Prior to 1960, almost nothing was known about chimpanzee behavior in their natural habitat. In July of that year, Jane Goodall set out to Tanzania's Gombe forest to live among the chimpanzees. Her discovery that chimpanzees make and use tools was groundbreaking, as scientists had previously believed that humans were the only species to do so (Goodall 1986).

Chimpanzees and humans

The genus Pan is generally considered to be part of the subfamily Homininae and tribe Hominini to which humans also belong. Biologists believe that the two species of chimpanzees are the closest living evolutionary relatives to humans. It is thought that humans shared a common ancestor with chimpanzees as recently as five to seven million years ago[1], and that they have about 98 to 99.4 percent of their DNA in common (Wildman et al. 2003, Wood 2006).

Indeed, the anatomical and biochemical similarity between chimpanzees and humans is so striking that some scientists have proposed that the two chimpanzee species, troglodytes and paniscus, belong with sapiens in the genus Homo, rather than in Pan. One argument for this suggested reclassification is that other species have been reclassified to belong to the same genus on the basis of less genetic similarity than that between humans and chimpanzees.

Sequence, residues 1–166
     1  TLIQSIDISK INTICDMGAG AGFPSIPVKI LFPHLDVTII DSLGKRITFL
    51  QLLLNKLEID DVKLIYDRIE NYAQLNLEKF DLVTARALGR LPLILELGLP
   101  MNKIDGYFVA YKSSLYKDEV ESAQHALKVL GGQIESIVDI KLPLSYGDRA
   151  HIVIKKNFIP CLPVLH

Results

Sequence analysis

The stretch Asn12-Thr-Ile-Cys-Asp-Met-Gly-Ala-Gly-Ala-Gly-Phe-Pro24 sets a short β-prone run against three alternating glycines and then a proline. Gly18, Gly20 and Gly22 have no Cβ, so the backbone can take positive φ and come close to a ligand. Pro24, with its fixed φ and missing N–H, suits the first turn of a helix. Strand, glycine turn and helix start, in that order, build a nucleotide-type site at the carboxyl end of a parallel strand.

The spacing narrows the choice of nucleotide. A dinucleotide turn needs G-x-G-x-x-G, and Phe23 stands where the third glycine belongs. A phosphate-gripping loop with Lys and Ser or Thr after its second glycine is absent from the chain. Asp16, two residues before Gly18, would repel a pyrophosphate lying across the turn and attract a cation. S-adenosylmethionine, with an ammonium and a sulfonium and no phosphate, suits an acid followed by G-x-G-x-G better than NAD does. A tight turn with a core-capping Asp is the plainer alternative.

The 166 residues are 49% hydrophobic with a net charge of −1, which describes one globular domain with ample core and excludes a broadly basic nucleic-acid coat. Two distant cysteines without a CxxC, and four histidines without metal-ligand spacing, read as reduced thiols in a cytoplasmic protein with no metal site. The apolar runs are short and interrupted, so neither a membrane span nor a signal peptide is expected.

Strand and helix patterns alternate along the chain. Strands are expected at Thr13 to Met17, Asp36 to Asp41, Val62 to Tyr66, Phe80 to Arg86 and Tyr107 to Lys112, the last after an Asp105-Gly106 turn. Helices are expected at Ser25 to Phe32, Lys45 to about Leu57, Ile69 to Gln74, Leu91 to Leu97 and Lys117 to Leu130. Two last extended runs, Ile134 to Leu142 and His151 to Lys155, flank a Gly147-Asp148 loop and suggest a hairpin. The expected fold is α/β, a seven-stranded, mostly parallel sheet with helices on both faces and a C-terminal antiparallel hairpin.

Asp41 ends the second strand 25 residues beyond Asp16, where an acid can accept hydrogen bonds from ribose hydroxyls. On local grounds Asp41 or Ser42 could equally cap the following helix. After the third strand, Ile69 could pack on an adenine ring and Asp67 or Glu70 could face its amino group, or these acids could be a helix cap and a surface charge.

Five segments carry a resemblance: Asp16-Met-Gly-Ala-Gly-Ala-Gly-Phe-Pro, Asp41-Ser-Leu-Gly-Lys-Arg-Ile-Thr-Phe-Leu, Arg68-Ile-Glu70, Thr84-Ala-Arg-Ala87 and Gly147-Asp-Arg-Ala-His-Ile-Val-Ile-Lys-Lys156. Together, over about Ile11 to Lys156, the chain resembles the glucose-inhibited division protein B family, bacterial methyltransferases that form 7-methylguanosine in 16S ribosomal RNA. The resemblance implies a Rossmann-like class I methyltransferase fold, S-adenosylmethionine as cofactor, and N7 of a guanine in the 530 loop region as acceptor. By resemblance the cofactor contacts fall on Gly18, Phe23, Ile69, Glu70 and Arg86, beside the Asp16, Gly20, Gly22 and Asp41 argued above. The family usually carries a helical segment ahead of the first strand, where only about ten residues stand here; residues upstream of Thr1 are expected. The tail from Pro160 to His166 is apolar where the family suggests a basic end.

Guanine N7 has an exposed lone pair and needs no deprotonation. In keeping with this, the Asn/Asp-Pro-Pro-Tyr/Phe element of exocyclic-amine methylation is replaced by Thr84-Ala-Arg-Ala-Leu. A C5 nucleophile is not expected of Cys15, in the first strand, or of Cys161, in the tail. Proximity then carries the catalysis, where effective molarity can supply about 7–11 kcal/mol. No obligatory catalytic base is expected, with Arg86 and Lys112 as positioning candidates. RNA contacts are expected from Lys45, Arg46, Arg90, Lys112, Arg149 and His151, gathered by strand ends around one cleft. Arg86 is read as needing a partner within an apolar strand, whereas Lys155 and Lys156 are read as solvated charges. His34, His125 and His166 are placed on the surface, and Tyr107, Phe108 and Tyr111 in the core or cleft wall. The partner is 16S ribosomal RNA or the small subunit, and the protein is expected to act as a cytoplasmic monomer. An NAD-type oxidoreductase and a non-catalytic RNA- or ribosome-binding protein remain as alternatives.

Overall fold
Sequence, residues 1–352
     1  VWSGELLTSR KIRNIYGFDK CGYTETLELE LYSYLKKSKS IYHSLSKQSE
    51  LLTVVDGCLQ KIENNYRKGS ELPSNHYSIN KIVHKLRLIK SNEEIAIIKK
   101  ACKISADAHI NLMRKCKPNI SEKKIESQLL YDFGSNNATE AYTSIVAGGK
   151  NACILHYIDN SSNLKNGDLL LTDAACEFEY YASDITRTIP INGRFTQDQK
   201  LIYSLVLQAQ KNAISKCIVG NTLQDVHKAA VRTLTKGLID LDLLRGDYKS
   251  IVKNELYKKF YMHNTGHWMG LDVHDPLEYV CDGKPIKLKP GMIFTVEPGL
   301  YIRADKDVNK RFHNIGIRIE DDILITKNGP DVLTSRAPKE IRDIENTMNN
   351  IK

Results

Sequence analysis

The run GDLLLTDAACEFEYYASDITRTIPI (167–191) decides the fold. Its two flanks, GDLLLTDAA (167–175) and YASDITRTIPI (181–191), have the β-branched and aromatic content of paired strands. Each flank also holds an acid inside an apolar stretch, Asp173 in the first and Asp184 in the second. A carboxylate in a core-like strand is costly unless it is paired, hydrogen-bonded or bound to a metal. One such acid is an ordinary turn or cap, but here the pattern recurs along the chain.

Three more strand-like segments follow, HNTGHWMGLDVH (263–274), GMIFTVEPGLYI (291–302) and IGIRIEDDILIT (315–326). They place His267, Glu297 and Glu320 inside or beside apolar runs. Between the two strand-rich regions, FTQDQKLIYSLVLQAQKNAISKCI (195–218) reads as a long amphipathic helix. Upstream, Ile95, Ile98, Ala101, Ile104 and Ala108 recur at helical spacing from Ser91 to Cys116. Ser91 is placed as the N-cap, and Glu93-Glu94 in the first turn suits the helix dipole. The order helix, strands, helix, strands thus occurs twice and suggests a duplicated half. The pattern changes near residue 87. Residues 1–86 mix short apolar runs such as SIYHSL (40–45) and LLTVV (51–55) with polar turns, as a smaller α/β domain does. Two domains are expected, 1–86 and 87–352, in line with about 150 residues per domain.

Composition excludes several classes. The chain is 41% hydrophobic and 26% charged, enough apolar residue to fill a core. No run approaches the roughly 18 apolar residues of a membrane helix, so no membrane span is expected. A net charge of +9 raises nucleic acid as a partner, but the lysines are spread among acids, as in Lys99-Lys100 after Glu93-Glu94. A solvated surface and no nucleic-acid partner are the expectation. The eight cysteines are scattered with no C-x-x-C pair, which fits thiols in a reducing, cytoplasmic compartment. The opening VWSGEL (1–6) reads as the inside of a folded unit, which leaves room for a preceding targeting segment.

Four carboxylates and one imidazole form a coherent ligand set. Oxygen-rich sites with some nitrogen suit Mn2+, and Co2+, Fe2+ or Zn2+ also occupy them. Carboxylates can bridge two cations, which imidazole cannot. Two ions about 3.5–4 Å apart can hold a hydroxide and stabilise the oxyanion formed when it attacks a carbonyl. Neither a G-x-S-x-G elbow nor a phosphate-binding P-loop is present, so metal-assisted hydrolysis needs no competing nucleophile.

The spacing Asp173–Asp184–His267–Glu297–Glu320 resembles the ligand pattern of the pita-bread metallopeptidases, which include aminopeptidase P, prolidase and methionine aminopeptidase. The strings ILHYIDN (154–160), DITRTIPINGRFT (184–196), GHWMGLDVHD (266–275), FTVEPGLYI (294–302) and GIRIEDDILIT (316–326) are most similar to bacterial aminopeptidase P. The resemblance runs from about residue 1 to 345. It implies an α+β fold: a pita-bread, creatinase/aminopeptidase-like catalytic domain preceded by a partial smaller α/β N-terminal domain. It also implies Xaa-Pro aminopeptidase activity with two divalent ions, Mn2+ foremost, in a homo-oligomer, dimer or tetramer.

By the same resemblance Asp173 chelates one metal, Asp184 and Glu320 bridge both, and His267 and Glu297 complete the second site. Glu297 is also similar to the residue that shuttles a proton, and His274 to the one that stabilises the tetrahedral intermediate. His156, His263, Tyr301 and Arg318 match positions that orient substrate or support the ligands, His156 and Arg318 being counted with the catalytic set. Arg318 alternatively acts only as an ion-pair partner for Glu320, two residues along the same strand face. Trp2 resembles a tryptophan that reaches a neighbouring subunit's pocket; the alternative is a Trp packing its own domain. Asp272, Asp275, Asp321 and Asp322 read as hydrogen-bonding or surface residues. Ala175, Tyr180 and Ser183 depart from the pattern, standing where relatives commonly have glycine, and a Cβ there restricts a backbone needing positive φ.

For example, comparisons between chimpanzees and humans in terms of protein sequences, allele differences, and DNA heteroduplex melting points show more than 98 percent identity (King and Wilson 1975; Wood 2006). Likewise, chromosomal banding patterns reveal a high correspondence between chimp and human chromosomes (Yunis and Prakash 1982).

Ebersberger et al. (2002) found a difference of only 1.24 percent when he aligned 1.9 million nucleotides of chimpanzee DNA and compared them with the corresponding human sequences in the human genome (Wood 2006). Using a 4.97 million nucleotide portion of DNA from human chromosome 7 and comparing to chimpanzee orthologies yielded only 1.13 percent mismatches (Liu et al. 2003).

A comparison of a rough draft of the chimpanzee genome—involving 361,782 contiguous fragments with a medium length of 15,700 nucleotides, covering about 94 percent of the chimpanzee genome—with the human genome, for those sequences that could be aligned, averaged 1.23 percent nucleotide mismatches (The Chimpanzee Sequencing and Analysis Consortium 2005). This same study suggested that the fixed differences between the two genomes, based on the frequency of single nucleotide polymorphisms, may be as low 1.06 percent, with the remaining differences being variations within the chimpanzee or the human.